Our values, the ones that we intentionally attempt to teach our children, may well be learned in ways we don’t notice. I'm not thinking so much of of things like "be nice," "be good", "clean up", etc., but what are we saying and doing about what we (automatically and generally) tend to focus on. You know ... what I like or don't like, what I want or don't want ... and how we use these to get others to do what we wantRead More
This post is in response to my deep concern about the nature of our politics, our values, and our learning (and lack of it in some important areas). I feel I am taking a risk in writing this (I'm afraid right now as I type), but this something that people who know me best both appreciate and feel frustrated or judged by - though there is no personal judgement from my end. And it definitely relates to parenting - relating to our children in an honest and supportive ways.
We have grown up and been educated in a culture that appears to us to value what we know, what we have "learned," and to disregard or hide what we don't knowRead More
What is reading? Here is a story from my kindergarten class:
On the first day of the year, my assistant and I sat on the floor with our 16 students, most of whom had attended our pre-k program. We introduced ourselves to whatever degree was comfortable, and everyone relaxed. When I introduced myself, I included telling my class why I do what I do (and it isn't exactly teaching as we know it from our school experience, so I avoid the term teach and teacher. See post on Why Stop Teaching?). I said I am come here to this class because I really enjoy having fun, learning, and being with other people who are learning new things and like to play. And I wouldn't do it if that weren't happening. Then I said that we would be learning about a lot of things, and that what they were interested in was even more important than what I was interested (though one of the things that I was interested in is what they were interested in). Then I had the following conversation and demonstration (which, by the way, is what teaching means - show and tell, only!).
I started with: "One of the things we are going to learn about is readingRead More
In Part 1 we discussed how and how much young children learn when allowed to explore it, focusing on the physical "stuff" and their relationship to it - when allowed to explore it.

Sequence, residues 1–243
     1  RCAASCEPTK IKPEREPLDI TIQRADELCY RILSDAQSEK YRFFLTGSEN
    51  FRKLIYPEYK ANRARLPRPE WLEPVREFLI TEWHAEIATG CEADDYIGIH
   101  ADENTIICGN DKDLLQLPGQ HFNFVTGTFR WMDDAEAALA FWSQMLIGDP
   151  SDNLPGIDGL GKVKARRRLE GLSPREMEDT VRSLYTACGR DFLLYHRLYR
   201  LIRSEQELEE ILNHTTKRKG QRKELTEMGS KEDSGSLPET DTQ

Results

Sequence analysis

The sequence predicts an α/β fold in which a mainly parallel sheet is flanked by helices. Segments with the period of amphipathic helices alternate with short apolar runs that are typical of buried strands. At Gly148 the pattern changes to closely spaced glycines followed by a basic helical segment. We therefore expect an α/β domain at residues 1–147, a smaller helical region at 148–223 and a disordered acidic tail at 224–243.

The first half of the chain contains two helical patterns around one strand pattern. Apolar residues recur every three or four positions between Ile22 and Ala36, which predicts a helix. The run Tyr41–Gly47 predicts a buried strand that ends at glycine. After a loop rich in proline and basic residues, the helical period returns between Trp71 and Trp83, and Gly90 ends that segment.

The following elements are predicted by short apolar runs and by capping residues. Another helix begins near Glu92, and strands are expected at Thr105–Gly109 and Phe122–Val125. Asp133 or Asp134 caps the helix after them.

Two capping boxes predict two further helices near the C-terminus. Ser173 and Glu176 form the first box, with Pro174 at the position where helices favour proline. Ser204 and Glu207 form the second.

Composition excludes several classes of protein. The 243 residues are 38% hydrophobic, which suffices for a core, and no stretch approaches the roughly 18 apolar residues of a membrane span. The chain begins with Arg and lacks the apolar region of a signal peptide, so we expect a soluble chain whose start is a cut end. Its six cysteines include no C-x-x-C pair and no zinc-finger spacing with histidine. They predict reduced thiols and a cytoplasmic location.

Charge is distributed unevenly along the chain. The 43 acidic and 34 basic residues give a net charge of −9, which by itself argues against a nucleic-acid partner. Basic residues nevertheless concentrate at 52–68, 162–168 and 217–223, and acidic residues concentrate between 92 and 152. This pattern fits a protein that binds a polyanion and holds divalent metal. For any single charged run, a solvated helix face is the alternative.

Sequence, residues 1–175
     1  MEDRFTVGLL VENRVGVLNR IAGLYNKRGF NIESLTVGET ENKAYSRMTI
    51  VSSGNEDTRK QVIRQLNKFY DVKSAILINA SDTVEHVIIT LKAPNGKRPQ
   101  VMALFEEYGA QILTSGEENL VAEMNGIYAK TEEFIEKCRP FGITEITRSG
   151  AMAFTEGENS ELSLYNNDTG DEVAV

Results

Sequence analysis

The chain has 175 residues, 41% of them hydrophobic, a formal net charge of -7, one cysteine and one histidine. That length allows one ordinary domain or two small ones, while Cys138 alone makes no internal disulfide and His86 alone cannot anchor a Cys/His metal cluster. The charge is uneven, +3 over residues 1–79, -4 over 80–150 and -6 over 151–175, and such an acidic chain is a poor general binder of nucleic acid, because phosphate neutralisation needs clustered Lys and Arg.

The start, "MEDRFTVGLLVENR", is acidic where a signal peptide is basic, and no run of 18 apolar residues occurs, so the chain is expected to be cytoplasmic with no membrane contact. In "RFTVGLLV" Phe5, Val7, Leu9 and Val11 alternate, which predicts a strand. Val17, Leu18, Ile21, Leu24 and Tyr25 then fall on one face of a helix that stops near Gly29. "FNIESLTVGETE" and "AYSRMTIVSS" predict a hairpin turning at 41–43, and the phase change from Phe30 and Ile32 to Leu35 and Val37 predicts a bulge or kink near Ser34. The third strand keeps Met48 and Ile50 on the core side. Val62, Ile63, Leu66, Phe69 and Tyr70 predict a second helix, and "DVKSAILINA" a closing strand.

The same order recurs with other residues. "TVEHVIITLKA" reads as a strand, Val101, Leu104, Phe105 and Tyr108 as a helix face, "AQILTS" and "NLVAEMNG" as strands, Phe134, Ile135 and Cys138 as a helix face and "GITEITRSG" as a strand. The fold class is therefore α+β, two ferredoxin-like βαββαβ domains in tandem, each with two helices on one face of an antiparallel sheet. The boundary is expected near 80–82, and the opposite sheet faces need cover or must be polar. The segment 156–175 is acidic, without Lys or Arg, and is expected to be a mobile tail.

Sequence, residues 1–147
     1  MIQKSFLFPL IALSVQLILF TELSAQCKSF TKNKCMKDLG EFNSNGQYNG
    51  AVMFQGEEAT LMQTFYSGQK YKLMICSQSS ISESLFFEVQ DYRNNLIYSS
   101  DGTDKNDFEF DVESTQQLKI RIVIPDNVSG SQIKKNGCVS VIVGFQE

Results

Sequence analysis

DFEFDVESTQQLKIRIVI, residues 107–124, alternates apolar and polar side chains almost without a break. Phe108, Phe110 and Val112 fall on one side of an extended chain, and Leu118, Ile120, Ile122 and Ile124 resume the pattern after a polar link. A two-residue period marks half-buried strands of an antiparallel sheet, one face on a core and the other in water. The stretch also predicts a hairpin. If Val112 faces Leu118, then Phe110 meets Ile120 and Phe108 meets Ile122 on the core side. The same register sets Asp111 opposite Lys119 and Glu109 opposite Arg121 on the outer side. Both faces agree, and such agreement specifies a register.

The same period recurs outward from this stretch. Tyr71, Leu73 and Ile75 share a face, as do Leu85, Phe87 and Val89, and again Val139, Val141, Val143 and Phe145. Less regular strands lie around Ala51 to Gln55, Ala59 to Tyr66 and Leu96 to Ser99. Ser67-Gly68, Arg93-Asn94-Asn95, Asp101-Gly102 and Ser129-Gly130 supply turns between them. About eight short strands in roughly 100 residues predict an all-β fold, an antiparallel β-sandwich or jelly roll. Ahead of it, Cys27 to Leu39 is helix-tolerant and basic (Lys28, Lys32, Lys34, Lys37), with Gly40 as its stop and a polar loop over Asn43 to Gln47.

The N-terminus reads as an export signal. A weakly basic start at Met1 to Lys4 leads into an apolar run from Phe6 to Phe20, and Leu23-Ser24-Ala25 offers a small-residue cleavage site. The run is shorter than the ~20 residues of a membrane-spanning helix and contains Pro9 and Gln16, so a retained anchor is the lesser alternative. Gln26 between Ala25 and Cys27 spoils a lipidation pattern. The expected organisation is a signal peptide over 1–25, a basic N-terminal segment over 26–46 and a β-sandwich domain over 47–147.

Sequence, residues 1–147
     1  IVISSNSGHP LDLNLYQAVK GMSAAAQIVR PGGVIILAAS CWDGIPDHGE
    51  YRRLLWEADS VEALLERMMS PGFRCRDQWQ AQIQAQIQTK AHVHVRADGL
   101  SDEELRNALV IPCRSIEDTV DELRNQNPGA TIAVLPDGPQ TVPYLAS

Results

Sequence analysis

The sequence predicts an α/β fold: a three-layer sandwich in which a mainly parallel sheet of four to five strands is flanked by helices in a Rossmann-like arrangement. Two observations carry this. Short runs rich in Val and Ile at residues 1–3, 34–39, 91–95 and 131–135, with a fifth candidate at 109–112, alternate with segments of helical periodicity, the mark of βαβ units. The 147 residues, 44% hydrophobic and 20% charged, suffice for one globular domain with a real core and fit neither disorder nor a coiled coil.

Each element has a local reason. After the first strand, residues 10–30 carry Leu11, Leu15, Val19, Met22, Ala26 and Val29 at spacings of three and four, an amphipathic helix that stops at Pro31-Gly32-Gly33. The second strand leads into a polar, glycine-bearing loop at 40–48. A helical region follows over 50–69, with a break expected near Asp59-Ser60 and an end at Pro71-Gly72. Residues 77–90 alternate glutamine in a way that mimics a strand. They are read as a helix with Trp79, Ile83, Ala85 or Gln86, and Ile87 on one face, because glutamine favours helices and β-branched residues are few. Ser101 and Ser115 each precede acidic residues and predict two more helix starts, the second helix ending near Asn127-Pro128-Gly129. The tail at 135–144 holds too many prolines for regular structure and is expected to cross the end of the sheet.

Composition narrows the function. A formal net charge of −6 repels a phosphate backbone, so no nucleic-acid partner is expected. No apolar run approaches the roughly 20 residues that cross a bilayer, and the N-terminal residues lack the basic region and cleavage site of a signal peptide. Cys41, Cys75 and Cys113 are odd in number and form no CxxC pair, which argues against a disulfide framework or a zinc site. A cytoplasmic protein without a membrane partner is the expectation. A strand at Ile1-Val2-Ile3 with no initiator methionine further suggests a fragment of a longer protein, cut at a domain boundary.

Next, let’s think about what young children learn about social living in the world successfully - in their view. Of course they have no idea what success in the world is except, in some way ...Read More
Well, it depends on what one wants to measure and whether that measurementis significant (of course) ...Read More
Teaching a young child to share, as in 'requiring' or 'guilt-tripping' him or her to share, usually interferes with their willingness to share. Here are a couple of things to think about:
1 - Young children are keen observers of adult behavior, and in the adult world, they likely, by even age 3, have perceived that adults are not as willing to share their own personally valuable and meaningful items with strangers or even acquaintances as they are in being sure they (their own children) do.
2 - They are in the middle or at the end of learning what "mine" means - from how their parents and siblings (if any) use the word. Again, in the adult world, "mine" means "I get to say (control) what happens to it, including who gets to use it."
3 - Finally, and critical to understand: force causes resistance. Our attempts to "get our child to" do anything always results in resistance (at some level, in some way). [aka The Parents' Dilemma in Beyond Good Parenting]
Imagine for a minute that your parent was visiting, and a neighbor came by and asked to use your car, and you feel very uncertain about it at best, and maybe your first thought is'no way!' Then your parent steps in and says to you, "Let your neighbor use it! Come on, give him the keys. Be nice!" And imagine your parent has the power to make you give the keys to your neighbor, either through force or by withholding something from you that you depend upon (maybe that's why, by adulthood, we try to have as few dependencies on our parent as possible!).
What is the alternative? Give and support your child having control over his or her own belongings. This also means giving up trying to get your child to be nice. (It is okay to be nice, but being nice only works under certain circumstances. As or if you read more posts, you'll see that being respectful and honest trumps being nice.
Then, role model appropriate sharing at every opportunity. For me, this meant bringing my own toys, balls, etc., to the playground or to my classroom. I did this for two reasons: it gave me something to play with (!), and gave me an opportunity to role model sharing with others. My own child or students could see the impact of sharing, as well as see how sometimes I wouldn't share, such as when the child who wanted to use what I brought seemed likely to break it (whether just to see what happens or by accident)
Summary: Giving your child complete control over their own belongings facilitates their willingness to share, and also facilitates them learning to be responsible for their own things.
Enjoy! Marty Comments? Please share!
The revised edition of Beyond Good Parenting is now available. It goes into these matters of relationship and social learning in more depth with more stories and suggestions, and will assist you in giving your child an understanding of behavior and responses that leads to increasing respect of others, of diversity, and in effectiveness in dealing with challenging social situations.